Stroke victims getting worst rehab care

Stroke sufferers in Comet country are given some of the worst aftercare in the country a report claims.

The Care Quality Commission has ranked the nation’s primary care trusts according to how well they help people recover from strokes - the single biggest cause of disability in adults – with both Herts and Beds classed as ‘least-well performing’.

The report, published last week assessed 15 categories of care for stroke patients after they left hospital. Results in over half of these were poor at both trusts.

Research has shown that early access to intensive rehabilitation improves recovery rates.

Cynthia Bower, chief executive of the commission, said while improvements have been made in initial care for stroke victims, the level of aftercare at some trusts was a cause for concern.

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“It is vital that this momentum is maintained and that improvements are made in the care and support in the longer term,” she said.

“We expect to see local health and social services working with stroke survivors, carers and representative groups to agree and implement a plan to improve services.

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Esther Bolton, head of long-term conditions at NHS Bedfordshire, said the trust was disappointed with the findings. But added the trust was working to improve aftercare in line with improvements made in the “hours and days” after a stroke.

She said: “We provided a frank self-assessment of stroke care across Bedfordshire for this report, and whilst its findings are disappointing and highlight that there is still much work to do, it will be valuable in benchmarking our progress against our action plan.”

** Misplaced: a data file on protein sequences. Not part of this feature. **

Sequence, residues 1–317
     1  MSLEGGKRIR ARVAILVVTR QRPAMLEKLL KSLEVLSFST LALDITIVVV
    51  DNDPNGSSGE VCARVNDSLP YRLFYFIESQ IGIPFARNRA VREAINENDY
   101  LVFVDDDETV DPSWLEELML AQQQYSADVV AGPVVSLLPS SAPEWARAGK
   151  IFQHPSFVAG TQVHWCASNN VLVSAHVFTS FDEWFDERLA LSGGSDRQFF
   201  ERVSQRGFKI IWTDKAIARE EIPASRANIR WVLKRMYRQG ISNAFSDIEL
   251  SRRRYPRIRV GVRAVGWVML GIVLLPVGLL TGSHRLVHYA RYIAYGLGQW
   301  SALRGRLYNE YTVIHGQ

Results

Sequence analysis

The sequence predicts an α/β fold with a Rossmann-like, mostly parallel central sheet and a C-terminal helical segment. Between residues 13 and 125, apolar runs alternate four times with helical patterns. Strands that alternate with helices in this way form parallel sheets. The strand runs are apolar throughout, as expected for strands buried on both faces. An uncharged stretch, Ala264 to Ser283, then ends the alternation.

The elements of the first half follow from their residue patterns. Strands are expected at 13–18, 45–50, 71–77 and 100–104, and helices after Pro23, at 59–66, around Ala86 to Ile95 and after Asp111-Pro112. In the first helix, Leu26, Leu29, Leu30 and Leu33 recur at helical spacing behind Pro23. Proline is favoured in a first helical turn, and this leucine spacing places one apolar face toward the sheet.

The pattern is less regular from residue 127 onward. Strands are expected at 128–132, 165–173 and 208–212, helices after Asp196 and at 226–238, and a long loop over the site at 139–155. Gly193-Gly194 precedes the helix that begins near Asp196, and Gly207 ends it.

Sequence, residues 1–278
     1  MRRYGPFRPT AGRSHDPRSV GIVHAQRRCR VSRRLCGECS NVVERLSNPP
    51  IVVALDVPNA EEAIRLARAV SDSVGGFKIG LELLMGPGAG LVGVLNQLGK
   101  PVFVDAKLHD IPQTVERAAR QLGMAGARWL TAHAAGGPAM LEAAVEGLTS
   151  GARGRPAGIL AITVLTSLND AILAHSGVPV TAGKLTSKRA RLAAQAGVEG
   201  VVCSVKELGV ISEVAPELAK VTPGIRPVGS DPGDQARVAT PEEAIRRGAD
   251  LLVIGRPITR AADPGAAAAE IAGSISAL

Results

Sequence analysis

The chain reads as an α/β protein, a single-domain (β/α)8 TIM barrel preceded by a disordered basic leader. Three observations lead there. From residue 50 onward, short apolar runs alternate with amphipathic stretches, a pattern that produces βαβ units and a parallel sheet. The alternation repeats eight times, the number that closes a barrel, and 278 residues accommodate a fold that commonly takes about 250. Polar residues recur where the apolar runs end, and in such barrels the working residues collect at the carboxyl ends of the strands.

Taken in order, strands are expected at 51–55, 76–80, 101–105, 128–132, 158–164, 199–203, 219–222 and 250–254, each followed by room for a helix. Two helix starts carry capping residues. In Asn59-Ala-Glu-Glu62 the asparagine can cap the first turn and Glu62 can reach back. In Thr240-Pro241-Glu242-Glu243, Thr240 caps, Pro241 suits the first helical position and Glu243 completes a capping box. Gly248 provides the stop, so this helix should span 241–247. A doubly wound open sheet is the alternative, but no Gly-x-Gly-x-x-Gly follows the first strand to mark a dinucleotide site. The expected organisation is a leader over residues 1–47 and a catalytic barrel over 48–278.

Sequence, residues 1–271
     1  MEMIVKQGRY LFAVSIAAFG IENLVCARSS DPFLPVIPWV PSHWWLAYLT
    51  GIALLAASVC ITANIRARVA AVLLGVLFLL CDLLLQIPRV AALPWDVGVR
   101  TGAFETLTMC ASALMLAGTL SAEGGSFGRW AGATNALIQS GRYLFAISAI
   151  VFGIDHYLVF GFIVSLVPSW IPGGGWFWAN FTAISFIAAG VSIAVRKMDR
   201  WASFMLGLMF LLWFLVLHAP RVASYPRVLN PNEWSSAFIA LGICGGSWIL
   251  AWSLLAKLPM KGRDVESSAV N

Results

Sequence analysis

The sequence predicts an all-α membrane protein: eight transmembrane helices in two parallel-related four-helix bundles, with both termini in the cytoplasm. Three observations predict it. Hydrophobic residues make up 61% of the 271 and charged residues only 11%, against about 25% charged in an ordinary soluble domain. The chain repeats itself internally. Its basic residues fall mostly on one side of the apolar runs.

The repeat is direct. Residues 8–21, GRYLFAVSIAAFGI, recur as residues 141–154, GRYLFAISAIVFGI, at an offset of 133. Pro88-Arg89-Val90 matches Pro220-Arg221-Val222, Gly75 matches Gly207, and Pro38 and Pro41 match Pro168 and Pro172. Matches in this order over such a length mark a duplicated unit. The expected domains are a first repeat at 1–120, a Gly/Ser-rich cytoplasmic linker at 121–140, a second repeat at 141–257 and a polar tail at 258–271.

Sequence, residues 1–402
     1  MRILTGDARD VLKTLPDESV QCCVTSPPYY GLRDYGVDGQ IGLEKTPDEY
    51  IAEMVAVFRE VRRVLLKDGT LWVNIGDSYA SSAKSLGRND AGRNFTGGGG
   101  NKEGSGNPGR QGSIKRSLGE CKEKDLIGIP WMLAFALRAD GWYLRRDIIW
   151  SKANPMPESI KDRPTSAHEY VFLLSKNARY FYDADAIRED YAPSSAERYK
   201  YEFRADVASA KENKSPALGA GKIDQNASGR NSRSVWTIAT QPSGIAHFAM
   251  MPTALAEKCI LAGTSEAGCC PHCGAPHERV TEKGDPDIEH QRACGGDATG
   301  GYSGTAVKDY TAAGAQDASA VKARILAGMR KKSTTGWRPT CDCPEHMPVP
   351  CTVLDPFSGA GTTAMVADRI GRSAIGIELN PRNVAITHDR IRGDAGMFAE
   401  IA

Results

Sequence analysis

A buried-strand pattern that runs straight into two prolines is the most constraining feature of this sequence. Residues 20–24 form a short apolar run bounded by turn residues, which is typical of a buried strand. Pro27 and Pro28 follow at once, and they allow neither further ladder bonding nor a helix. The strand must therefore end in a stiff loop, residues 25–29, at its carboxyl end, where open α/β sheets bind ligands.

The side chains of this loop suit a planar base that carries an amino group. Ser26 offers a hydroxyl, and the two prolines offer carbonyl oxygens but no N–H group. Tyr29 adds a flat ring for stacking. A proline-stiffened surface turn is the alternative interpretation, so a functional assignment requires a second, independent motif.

“We are already working closely with Bedford Hospital and our partners on a range of initiatives, including providing joint care plans and improved information on discharge from hospital, which are due to start in February. Other initiatives include reviewing stroke patients six months after leaving hospital, developing early supported discharge for eligible patients and offering improved psychological support.”

A spokesman for NHS Herts said the trust recognises the need to improve.

“To help us achieve this we have set up a new group whose aim is specifically to improve stroke care in Hertfordshire. Membership of the group comprises clinicians from hospitals and community health services, GPs, a carer representative and the PCT. By bringing together all those involved in providing and commissioning stroke care we will make sure that those areas identified by the CQC are addressed.

“We will continue to work with our public health and stop smoking teams to make sure that we do all we can to encourage people in Hertfordshire to look after their own health by not smoking and leading healthy lives. By doing this people can significantly reduce their risk of stroke and contracting other serious illnesses such as cancer and heart disease.”

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